Ballad: A Gathering of Faerie
FROM THE COVER:
so sing the dead,
lest we remember you …
James Morgan has an almost unearthly gift for music. And it has attracted Nuala, a soul-snatching faerie muse who fosters and then feeds on the creative energies of exceptional humans until they die. James has plenty of reasons to fear the faeries, but as he and Nuala collaborate on an achingly beautiful musical composition, James finds his feelings towards Nuala deepening. But the rest of the fairies are not as harmless. As Halloween – the day of the dead – draws near, James will have to battle the Faerie Queen and the horned king of the dead to save Nuala’s life and his soul.
My rating: 4 stars.
Beautifully crafted magic, brimming with life and discovery. Ballad’s plot is not all too predictable, yet not all too solid. Much is left unexplained; the details I needed can only be found in Lament: The Faerie Queen’s Deception, which is the first book. Unfortunately for me, I’ve yet to read Lament – which most explains my utter confusion concerning Deirdre “Dee” Monaghan.
What is her deal? and Why is she so important to James? are only two of the many, many questions that fluttered in my mind whenever Dee happened to appear in the story – which wasn’t very often. It got to the point that I wondered why she needed to make appearances at all. I understand her purpose, but it didn’t come through until the end, and at that point, I’d already had enough of her. Dee is interspersed throughout the story in the form of unsent – and dreadfully grammatically incorrect – text messages (all addressed to James). From these text messages, and her pointless/random appearances, I’d gathered that she’s an annoying, unstable, petty girl of a character. Then, almost as if out of nowhere, I’m told by James that she’s actually intellectual and driven.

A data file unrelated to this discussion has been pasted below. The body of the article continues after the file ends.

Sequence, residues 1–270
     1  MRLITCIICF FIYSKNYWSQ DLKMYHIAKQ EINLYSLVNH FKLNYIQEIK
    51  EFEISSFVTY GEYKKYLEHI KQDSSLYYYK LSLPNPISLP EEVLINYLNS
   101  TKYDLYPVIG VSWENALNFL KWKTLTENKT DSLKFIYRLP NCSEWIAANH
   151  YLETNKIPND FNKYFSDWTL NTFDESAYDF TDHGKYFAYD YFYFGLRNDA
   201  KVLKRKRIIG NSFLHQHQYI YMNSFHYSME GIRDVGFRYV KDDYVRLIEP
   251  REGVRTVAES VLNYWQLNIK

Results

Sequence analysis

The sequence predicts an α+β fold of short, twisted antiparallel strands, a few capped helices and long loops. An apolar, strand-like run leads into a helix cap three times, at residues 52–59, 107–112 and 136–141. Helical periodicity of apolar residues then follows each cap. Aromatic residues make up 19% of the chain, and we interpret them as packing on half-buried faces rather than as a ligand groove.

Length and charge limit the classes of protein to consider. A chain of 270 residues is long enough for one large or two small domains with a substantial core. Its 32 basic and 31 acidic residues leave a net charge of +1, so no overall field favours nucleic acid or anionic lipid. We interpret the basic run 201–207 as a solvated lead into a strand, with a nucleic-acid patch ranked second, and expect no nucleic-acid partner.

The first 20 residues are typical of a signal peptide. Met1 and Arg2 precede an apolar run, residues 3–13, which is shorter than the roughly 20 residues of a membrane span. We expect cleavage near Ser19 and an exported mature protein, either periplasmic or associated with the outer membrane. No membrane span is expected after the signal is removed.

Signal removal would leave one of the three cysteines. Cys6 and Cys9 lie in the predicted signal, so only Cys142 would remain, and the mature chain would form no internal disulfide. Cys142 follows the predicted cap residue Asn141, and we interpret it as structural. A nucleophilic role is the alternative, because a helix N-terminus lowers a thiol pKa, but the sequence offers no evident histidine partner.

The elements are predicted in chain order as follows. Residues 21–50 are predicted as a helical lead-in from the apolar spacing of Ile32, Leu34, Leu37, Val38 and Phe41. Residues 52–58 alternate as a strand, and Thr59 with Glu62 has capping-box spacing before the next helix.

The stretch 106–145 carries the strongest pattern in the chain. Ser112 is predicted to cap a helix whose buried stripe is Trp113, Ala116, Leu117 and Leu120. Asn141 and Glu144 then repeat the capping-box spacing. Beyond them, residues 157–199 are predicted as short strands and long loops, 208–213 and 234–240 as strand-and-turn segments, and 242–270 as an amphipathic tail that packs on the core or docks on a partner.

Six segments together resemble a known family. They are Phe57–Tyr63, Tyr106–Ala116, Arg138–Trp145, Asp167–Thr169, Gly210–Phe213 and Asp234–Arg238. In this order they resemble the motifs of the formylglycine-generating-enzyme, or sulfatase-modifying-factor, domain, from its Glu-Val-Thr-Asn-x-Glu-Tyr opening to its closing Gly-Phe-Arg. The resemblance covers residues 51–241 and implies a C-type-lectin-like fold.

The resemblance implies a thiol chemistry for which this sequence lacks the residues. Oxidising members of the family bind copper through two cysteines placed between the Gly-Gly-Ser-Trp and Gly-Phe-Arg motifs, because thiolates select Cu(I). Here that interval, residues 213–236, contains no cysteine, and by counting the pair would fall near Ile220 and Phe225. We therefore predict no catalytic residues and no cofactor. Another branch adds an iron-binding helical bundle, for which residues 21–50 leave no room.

Let’s just say this didn’t add up to me.
James, on the other hand, is a refreshing change from many other YA male characters – he’s spunky, intelligent, and yet, still a typical boy. Stiefvater characterizes him well, without overdoing it on the snarky dialogue.
And then there’s Nuala. Not only did I find her annoying, but also too changeable. Nuala is meant to be different from other fey, but the changes she goes through so suddenly are predictable and transparent. It felt more like she had to change, just to carry along the plot.
The relationship between Nuala and James was, at first, endearing and light. Later, it escalated into a love that didn’t seem fitting. It felt as though because there was no other important female character, she had to fulfill the role of love interest.
What really enhanced Ballad was the writing itself: fluid, beautiful descriptions and purposeful dialogue. These save the book, as a whole. Less than thrilling characters were not enough to impact my overall liking of the novel, but came dangerously close to doing so.